Study Links Pupils' Stress to School Environments
"Classroom Learning Environments and the Mental Health of 1st Grade Children"
Between inadequate supplies, rundown school buildings, and disrespected teachers buried in paperwork, school can be stressful for 1st graders, who are in a fragile place in their educational lives, according to a study released last week.
The study, based on interviews with more than 10,700 1st-grade parents and teachers in spring 2000, is being published in the March issue of the Journal of Health and Social Behavior, a quarterly publication of the Washington-based American Sociological Association.
For children who are poor, such psychological stresses may be magnified, because they are more likely to experience “harsher, more noxious conditions in school compared with children occupying more advantaged statuses,” wrote the study authors, sociology professor Melissa A. Milkie, of the University of Maryland in College Park, and Catharine H. Warner, a doctoral candidate in the sociology department.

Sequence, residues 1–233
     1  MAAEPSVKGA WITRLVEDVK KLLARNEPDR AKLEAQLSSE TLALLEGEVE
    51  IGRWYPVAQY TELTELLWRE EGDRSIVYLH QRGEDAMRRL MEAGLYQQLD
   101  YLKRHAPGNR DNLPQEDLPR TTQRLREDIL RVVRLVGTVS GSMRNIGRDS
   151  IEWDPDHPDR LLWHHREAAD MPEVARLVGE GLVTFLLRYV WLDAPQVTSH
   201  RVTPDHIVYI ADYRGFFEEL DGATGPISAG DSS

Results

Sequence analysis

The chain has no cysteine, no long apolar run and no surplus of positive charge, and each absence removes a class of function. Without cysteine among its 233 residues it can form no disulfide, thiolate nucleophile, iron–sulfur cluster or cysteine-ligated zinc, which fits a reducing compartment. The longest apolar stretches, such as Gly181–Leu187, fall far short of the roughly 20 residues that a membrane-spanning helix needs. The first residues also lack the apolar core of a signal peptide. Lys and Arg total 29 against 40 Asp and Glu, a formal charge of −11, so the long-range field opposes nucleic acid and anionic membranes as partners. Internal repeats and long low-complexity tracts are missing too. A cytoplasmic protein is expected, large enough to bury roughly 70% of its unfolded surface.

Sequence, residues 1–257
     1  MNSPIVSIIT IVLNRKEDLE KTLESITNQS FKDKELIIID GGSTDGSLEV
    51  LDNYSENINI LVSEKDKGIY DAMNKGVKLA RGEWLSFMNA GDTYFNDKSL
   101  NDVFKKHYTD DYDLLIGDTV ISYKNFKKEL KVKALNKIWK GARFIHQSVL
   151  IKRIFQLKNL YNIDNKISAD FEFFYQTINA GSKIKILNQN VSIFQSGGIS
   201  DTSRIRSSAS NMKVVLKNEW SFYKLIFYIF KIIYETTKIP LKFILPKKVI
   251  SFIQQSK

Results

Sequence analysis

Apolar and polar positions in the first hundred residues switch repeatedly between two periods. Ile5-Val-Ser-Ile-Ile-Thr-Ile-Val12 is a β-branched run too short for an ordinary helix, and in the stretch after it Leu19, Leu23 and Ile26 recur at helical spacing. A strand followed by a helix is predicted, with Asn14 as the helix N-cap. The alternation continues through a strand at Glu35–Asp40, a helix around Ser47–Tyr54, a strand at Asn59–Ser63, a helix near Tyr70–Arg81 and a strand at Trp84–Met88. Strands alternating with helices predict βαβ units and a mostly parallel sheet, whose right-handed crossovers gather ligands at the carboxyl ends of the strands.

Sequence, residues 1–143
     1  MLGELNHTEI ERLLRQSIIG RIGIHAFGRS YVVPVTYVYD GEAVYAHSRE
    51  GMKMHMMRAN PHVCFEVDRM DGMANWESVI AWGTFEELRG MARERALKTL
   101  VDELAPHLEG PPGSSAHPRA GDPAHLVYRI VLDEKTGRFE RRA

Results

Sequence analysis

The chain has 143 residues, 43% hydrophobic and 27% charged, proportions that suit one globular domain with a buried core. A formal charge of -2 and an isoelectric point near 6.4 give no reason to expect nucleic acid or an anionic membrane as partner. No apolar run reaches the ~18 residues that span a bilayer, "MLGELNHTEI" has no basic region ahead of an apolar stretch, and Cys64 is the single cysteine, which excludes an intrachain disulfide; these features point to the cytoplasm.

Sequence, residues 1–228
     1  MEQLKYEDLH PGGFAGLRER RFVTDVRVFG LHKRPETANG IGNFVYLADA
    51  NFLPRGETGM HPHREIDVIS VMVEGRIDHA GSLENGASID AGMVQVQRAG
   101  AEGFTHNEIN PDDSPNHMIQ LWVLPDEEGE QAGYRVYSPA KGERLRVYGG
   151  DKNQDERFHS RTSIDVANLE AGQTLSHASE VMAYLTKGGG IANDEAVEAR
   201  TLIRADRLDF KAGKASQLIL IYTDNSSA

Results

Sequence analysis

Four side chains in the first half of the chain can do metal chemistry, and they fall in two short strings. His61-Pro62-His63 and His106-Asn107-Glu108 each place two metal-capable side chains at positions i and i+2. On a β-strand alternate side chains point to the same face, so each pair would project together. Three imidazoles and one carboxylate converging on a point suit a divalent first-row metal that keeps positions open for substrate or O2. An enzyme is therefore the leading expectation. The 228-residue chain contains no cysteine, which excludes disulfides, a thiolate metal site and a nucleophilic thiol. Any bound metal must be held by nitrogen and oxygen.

The lack of adequate, appropriate materials can affect children negatively in part because teachers become more harsh or frustrated when they cannot teach properly given a lack of resources, according to the report.
And having a larger number of peers below grade level in reading is associated with interpersonal problems for black children, but that has no significant effects on white children who are in similar settings, the researchers found. Similarly, a perceived lack of respect on the part of teachers affects black and white children, but the effect is greater on black children.
In turn, children’s behavior problems are a major source of teacher dissatisfaction, turnover, and lowered expectations, the study finds, and discipline issues in the school can take teachers away from teaching, that can lead to teacher exhaustion, making it more difficult to regulate children’s behavior within the classroom, according to the authors.
Researchers found that students in those kinds of learning environments were more likely to have “learning, externalizing, interpersonal, and internalizing problems,” which translate to problems with attentiveness, arguing, acting impulsively, forming friendships, low self-esteem, and sadness.
Vol. 30, Issue 24, Page 5